$$

d_s = \text{ number of occurrences of } s \text{ in } v

$$

Intuitively, if $A= \{0, \dots, k-1\}$, then $S(A^n,d)$ represents all the ways to choose $d_0$ elements of type $0$, $d_1$ elements of type $1$, etc. such that $d_0 + \dots + d_{k-1} = n$. The size of $S(A^n,d)$ is the multinomial coefficient

$$

|S(A^n,d)| = \binom{n}{(d_s)_{s \in A}}

$$

By ranking function, I mean an explicit bijection

$$

r(A^n,d) : S(A^n,d) \rightarrow \{0, \dots, |S(A^n,d)| - 1\}

$$

**1. Case $|A| = 2$**

Without loss of generality, we assume $A = \{0,1\}$. Let $d = (b,a) = (n-a, a)$. Our goal is to rank the set of vectors $v = (v_0,\dots,v_{n-1}) \in \{0,1\}^n$ having exactly $a$ entries set to $1$ (the others being set to $0$). There are exactly $\binom{n}{a}$ such vectors.

To see what is going on, we will try to build progressively a vector $v \in S(A^n,b,a)$. Let's focus, say, on the last entry $v_{n-1}$. The trick stems from the following observation:

*(a)*If $v_{n-1} = 1$ then it remains to build a vector $v' = (v_0,\dots,v_{n-2}) \in S(A^{n-1}, b,a-1)$, i.e., a vector of dimension $n-1$ containing exactly $a-1$ entries set to $1$.*(b)*If $v_{n-1} = 0$ then it remains to build a vector $v' = (v_0,\dots,v_{n-2}) \in S(A^{n-1}, b,a)$, i.e., a vector of dimension $n-1$ containing exactly $a$ entries set to $1$.

$$

r(A^n,b,a)(v) = \left\{

\begin{array}{lr}

r(A^{n-1},b,a-1)(v') & \text{if } v_{n-1} = 1 \\

\binom{n-1}{a-1} + r(A^{n-1},b,a)(v') & \text{otherwise}

\end{array}

\right.

$$

Note that, if we had used any 2-element alphabet instead of $\{0,1\}$, the above formula would remain the same.

**2. General case**

We now consider an arbitrary alphabet size. Let $v \in S(A^n,d)$ and $s_* = \min A$. We can associate with $v$ the two following vectors. First, the vector $u \in \{0,1\}^n$ obtained from $v$ by replacing every entry containing $s_*$ with a $0$, and the others with a $1$. Second, the vector $w \in (A - \{s_*\})^{n - d_{s_*}}$ obtained from $v$ by removing all the entries containing $s_*$ and concatenating the remaining parts (orderly). For instance, if $v = (0,2,1,2,0,1,1,0,2)$ on the alphabet $A = \{0,1,2\}$ then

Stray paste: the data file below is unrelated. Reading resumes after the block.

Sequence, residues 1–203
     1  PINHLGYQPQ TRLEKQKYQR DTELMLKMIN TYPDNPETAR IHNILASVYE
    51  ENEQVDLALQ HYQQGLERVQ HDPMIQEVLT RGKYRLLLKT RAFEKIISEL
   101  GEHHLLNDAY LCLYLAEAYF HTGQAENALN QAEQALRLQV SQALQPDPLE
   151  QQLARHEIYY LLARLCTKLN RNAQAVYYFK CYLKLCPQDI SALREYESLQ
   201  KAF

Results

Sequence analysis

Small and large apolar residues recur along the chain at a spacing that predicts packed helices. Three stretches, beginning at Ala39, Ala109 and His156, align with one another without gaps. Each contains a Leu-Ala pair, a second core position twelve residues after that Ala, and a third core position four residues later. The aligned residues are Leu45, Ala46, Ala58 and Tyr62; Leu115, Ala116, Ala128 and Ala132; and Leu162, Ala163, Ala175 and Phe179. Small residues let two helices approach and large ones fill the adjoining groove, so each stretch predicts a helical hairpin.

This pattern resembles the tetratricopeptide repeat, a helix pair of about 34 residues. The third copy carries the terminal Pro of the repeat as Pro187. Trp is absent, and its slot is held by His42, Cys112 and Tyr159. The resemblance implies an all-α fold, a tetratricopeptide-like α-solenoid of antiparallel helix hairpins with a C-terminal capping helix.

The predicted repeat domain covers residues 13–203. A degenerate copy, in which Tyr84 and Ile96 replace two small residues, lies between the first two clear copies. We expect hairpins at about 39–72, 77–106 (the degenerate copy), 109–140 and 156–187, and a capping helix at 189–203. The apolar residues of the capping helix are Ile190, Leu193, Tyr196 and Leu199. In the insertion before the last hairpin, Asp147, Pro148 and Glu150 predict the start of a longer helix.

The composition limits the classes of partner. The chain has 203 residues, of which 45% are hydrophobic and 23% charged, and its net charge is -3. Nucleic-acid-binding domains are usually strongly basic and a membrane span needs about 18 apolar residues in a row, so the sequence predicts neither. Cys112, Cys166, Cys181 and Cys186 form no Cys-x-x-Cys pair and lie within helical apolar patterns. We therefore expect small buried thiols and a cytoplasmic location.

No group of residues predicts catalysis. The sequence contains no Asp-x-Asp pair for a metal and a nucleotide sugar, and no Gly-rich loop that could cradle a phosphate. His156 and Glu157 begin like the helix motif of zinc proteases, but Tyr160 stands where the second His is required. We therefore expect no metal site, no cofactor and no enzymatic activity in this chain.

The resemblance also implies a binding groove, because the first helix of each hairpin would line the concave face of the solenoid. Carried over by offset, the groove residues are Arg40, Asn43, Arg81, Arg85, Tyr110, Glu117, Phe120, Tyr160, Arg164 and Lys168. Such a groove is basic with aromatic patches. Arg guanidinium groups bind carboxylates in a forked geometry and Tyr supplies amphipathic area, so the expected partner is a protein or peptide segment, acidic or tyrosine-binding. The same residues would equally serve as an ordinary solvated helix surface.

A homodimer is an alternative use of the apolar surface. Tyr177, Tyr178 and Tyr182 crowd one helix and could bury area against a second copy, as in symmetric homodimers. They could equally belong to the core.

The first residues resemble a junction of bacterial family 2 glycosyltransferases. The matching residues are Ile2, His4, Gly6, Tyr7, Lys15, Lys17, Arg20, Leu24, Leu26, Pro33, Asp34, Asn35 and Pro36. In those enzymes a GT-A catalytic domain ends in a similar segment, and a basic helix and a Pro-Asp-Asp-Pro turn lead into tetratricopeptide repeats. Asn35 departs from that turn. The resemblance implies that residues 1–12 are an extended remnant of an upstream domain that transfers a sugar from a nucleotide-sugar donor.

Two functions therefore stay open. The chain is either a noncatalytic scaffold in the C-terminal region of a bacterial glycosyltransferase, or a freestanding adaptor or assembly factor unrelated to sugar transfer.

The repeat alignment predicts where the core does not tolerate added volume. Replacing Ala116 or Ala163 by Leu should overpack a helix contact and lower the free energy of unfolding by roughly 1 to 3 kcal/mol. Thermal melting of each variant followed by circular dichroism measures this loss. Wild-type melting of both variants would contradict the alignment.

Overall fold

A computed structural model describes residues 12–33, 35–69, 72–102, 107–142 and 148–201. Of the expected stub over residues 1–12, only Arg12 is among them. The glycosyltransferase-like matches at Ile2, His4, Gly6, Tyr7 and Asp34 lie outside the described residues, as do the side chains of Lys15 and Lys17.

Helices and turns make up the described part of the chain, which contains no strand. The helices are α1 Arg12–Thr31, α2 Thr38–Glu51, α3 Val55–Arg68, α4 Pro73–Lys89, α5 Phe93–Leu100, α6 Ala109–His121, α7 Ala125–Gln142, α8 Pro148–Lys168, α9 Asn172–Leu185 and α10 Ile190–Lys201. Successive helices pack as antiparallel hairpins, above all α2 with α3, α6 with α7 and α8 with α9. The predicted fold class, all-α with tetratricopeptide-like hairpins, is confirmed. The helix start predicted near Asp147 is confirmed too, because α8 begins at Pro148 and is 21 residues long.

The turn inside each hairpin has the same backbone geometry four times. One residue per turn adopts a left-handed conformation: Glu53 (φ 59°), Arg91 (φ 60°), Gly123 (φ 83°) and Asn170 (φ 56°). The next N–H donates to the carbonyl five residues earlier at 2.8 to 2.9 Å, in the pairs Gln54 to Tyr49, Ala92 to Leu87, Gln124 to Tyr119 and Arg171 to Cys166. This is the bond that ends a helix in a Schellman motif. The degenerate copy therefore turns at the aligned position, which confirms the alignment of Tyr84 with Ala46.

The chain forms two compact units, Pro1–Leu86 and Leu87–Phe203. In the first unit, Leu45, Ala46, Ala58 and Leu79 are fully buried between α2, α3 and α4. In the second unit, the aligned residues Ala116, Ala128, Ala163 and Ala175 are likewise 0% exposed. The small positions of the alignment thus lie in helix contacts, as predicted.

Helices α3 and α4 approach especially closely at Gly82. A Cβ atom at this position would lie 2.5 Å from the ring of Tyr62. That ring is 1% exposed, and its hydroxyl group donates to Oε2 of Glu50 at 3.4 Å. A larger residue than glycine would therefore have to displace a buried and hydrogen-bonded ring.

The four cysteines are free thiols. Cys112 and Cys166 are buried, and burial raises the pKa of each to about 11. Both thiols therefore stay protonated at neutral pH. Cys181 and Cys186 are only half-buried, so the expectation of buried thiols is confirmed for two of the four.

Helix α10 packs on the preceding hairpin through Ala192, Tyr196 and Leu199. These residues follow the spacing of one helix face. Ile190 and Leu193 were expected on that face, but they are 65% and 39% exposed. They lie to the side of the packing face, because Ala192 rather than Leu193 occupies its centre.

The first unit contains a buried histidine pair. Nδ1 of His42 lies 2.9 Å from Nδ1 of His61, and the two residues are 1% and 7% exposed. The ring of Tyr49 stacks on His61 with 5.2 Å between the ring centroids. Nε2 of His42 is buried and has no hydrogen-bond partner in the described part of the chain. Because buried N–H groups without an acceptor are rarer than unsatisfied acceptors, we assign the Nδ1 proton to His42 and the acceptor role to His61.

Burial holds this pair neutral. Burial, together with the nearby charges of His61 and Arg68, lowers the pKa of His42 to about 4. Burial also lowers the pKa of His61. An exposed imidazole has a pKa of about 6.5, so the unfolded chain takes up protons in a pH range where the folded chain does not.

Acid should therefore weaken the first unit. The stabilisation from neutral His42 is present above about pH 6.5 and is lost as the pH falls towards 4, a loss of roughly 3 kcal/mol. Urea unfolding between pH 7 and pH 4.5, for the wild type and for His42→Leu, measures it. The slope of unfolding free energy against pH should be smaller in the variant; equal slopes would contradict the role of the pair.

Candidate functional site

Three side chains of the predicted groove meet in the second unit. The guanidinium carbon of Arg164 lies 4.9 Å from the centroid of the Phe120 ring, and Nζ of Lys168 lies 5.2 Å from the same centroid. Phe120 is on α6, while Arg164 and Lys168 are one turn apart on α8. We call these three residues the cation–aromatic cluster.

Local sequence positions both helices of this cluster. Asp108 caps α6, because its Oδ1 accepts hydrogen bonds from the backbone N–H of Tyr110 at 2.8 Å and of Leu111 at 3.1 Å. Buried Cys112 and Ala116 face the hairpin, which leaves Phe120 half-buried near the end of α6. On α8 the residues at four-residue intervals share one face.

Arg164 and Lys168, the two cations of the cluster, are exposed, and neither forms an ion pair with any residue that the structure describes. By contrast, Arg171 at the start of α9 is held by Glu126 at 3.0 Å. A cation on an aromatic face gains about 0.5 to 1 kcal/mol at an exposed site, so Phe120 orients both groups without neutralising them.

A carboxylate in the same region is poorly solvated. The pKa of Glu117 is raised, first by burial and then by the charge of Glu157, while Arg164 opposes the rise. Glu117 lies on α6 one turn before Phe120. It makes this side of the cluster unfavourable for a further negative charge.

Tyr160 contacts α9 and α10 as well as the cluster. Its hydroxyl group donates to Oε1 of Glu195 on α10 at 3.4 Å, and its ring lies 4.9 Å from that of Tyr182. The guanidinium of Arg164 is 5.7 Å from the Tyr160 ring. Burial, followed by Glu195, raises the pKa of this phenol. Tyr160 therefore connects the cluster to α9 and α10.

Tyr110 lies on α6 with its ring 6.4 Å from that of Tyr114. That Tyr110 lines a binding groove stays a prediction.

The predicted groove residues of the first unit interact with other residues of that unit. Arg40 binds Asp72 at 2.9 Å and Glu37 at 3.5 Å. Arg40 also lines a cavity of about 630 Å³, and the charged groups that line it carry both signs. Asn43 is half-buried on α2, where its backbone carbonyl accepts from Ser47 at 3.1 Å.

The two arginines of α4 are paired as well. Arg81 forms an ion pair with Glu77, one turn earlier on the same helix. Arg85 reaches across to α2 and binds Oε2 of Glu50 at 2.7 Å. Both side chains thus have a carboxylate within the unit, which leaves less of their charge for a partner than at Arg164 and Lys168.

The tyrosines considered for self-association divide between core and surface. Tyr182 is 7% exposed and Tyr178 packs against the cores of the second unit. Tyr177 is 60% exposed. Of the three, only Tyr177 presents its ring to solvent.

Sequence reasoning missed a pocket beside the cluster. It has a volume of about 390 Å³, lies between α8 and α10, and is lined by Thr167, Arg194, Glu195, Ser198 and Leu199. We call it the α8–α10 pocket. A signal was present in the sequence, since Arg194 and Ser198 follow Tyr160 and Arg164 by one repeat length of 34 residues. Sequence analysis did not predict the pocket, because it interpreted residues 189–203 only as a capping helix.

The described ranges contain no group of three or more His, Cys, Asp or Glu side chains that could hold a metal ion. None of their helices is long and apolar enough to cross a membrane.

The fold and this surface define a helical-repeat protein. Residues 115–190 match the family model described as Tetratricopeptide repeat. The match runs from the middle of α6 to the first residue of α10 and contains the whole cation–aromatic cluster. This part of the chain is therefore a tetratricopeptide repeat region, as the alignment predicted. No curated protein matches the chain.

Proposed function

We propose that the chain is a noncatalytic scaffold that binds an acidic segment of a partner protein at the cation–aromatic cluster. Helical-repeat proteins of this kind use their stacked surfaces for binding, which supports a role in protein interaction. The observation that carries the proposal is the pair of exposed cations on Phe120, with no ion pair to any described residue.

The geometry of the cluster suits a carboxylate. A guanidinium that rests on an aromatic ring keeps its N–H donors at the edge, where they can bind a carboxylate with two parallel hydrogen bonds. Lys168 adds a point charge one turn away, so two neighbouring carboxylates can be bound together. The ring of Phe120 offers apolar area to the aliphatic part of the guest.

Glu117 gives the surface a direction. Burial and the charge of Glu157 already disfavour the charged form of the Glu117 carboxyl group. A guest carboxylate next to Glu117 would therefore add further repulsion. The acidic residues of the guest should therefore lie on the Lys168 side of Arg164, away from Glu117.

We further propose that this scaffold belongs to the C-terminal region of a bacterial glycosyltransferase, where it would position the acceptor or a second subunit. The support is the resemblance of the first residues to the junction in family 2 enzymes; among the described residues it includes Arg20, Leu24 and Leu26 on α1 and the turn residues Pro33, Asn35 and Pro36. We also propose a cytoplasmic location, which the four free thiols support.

$u = (0,1,1,1,0,1,1,0,1)$ and $w = (2,1,2,1,1,2)$. Note that we can easily rebuild $v$ from the pair $(u,w)$.

Again, we build the ranking function by induction. The trick stems from the following observation. For each $v \in S(A^n, d)$

$$

u \in S(\{0,1\}^n, d_{s_*}, n-d_{s_*})\\

w \in S((A-\{s_*\})^{n-d_{s_*}}, d|_{A - \{s_*\}})

$$

To build $v$, these two vectors can be chosen independently. In particular, once $w$ is fixed, there remain exactly $\binom{n}{d_{s_*}}$ possible choices for $v$. Therefore, we can define

$$

r(A^n,d)(v) = r(D_*)(w) \cdot \binom{n}{d_{s_*}} + r(D_0)(u)

$$

where $D_* = ((A-\{s_*\})^{n-d_{s_*}}, d|_{A - \{s_*\}})$ and $D_0 = (\{0,1\}^n, d_{s_*}, n-d_{s_*})$. Note that the rank $r(D_0)(u)$ corresponds to the case of a $2$-element alphabet.

**3. Conclusion**

The inductive definitions given above cannot be used directly in real code because the recursive calls will blow the stack. However, it is not difficult to encode these definitions using basic loops.

pb

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